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Fire exit locked… what can I do?

By 18 June 2014 14

Greetings hivemind,

I work in a small commercial building where the front door is locked after 5.30pm every day.  This means the only way out if I stay back is via the back door.  I guestimate that the floor area of the building is about 1200 square metres, i.e. 600 ground floor and the same upstairs, and there are five businesses in the building.  When the front door is locked the only way out from the ground floor is to go up the main stairs, thru the building, and out the fire steps at the back, via a locked courtyard.  It’s easy enough to get out the courtyard gate, but I’m not sure it’d pass muster for easy egress for a commercial building.  Further, there’s no lighting, emergency or otherwise.

This is particularly annoying if you’ve parked out the front and have to walk right around the block (via a lane with no other humans in it), which I reckon many would argue presents its own safety risks.  It’s also really annoying trying to get my bike out the building down the twisting fire stairs.

What I’m wondering is this:  how would one go about finding out whether or not it’s legal to lock the front door when people might still reasonably be expected to be working?  A quick web search didn’t yield anything helpful, and I’m hoping someone might be able to point me in the right direction.  My desired outcome would be to have the door fixed so it doesn’t have to be chained shut overnight.

(I should add that I’ve talked to our landlord and others, all useless.)

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14 Responses to Fire exit locked… what can I do?
#1
Henry821:38 pm, 18 Jun 14

Misleading title? Fire exit isn’t “locked”, just the front door.

>Further, there’s no lighting, emergency or otherwise.

Somewhat different issue. Are there lit exit signs?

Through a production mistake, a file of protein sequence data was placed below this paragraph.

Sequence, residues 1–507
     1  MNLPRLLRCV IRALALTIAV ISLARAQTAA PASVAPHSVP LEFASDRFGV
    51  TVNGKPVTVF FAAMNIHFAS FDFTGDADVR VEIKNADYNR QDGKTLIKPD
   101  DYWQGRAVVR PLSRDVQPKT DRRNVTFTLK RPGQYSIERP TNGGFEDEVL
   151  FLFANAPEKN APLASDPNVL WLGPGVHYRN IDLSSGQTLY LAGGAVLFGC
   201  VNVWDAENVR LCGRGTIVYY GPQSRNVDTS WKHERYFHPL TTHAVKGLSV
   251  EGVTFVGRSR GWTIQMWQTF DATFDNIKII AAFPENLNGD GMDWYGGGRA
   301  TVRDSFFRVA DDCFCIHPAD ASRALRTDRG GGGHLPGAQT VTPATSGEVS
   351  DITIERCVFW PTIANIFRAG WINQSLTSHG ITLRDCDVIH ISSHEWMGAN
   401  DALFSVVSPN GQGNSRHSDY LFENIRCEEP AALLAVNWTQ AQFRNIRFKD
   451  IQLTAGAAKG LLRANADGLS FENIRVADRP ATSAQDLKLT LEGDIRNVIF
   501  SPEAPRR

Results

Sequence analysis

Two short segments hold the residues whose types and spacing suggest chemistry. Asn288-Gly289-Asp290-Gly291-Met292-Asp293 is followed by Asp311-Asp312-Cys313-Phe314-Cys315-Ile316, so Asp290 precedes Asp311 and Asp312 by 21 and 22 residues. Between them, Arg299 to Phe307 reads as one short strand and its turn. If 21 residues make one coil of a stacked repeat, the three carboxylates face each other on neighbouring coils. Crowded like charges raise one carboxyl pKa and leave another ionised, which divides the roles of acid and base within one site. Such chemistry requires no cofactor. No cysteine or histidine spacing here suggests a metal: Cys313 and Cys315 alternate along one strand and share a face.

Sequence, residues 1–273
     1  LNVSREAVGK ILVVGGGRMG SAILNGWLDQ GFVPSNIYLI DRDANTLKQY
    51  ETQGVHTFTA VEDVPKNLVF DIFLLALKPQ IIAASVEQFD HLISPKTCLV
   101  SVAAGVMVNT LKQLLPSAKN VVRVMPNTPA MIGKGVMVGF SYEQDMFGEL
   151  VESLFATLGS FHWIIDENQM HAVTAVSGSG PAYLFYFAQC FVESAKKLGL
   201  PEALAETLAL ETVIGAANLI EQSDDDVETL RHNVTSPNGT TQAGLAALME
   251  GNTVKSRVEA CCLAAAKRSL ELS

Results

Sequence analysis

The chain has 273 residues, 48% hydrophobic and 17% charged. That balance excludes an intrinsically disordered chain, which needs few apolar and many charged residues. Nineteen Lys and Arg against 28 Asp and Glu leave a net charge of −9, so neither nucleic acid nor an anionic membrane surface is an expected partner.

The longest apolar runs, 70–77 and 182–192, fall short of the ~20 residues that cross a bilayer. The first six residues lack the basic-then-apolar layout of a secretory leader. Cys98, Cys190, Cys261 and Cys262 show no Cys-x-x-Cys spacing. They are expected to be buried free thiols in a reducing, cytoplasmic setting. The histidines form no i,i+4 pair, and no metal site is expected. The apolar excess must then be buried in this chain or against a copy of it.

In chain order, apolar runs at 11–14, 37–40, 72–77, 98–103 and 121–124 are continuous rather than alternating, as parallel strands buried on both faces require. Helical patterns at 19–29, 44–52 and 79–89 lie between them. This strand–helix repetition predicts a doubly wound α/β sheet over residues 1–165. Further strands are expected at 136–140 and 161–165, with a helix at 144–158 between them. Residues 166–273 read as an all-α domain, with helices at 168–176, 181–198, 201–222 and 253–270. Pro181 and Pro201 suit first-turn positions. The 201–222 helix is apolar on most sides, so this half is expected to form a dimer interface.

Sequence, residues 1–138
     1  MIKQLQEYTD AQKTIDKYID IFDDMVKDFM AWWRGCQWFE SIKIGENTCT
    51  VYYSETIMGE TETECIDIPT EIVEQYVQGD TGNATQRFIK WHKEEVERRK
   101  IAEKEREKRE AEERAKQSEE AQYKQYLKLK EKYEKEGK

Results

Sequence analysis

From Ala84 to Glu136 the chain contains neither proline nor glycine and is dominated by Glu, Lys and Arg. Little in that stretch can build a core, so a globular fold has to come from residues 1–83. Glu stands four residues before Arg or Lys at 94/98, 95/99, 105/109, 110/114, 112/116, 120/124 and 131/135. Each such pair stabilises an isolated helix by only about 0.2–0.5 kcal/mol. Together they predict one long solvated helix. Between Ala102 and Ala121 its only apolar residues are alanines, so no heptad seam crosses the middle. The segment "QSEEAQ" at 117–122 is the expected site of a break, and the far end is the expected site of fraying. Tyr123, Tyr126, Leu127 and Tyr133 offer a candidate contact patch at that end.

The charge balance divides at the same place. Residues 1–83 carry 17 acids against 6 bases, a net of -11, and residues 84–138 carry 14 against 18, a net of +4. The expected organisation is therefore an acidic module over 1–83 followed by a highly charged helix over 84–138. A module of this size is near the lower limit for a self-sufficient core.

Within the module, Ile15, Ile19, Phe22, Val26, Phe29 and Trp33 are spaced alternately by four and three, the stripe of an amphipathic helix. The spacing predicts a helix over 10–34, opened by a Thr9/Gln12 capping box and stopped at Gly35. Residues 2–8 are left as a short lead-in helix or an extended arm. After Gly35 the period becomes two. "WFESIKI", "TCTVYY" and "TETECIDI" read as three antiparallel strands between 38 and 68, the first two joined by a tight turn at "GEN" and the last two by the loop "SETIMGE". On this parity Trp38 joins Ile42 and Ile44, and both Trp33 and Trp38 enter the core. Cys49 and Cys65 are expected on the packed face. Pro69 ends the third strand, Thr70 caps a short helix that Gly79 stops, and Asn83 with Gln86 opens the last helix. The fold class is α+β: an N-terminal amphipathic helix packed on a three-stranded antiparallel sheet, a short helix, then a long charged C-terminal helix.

#2
niftydog1:40 pm, 18 Jun 14

Contact ACT Fire & Rescue – they would probably offer advice or direct you to someone who can. They may even be able to arrange a site visit to inspect, but you’d probably want the landlord on-board for that.

#3
Beau Locks1:52 pm, 18 Jun 14

Henry82 said :

Misleading title? Fire exit isn’t “locked”, just the front door.

>Further, there’s no lighting, emergency or otherwise.

Somewhat different issue. Are there lit exit signs?

You’re right, sorry. Didn’t mean to be misleading.

There are not lit exit signs.

I should add that the front door isn’t locked with a key, but a chain, and only two people have the key for the lock.

#4
Beau Locks1:53 pm, 18 Jun 14

niftydog said :

Contact ACT Fire & Rescue – they would probably offer advice or direct you to someone who can. They may even be able to arrange a site visit to inspect, but you’d probably want the landlord on-board for that.

Thanks niftydog. I’m pretty sure the landlord would definitely not be on board!

#5
Masquara2:21 pm, 18 Jun 14

Find out who the landlord’s insurer is – they would definitely take an interest!

#6
Ben_Dover2:36 pm, 18 Jun 14

Easiest way to find out, is to start a fire, obvs.

#7
bronal3:08 pm, 18 Jun 14

Your post is typical of many in that you give some information but leave out other details that could help with comments. For a start, are you one of the business owners or an employee? I’ll take a punt and say the latter. The set-up in your building sounds unlawful to me. Why don’t you tell your employer that you must leave no later than 5.30 (although you would be happy to stay later when required) because you are not confident about the emergency exit arrangements. That should produce some action. IMO both your employer and the building owner would be liable in the event of any ‘incident’.

#8
patrick_keogh3:24 pm, 18 Jun 14

If you are an employee then the first point of contact outside your own company should be http://www.worksafe.act.gov.au/health_safety

Just give them a call. Your employer is obliged to provide you with a safe work environment, and Worksafe can provide you with the best advice. That is their responsibility no matter how much we all might value the (various) opinions of the hive mind.

#9
Masquara5:16 pm, 18 Jun 14

bronal said :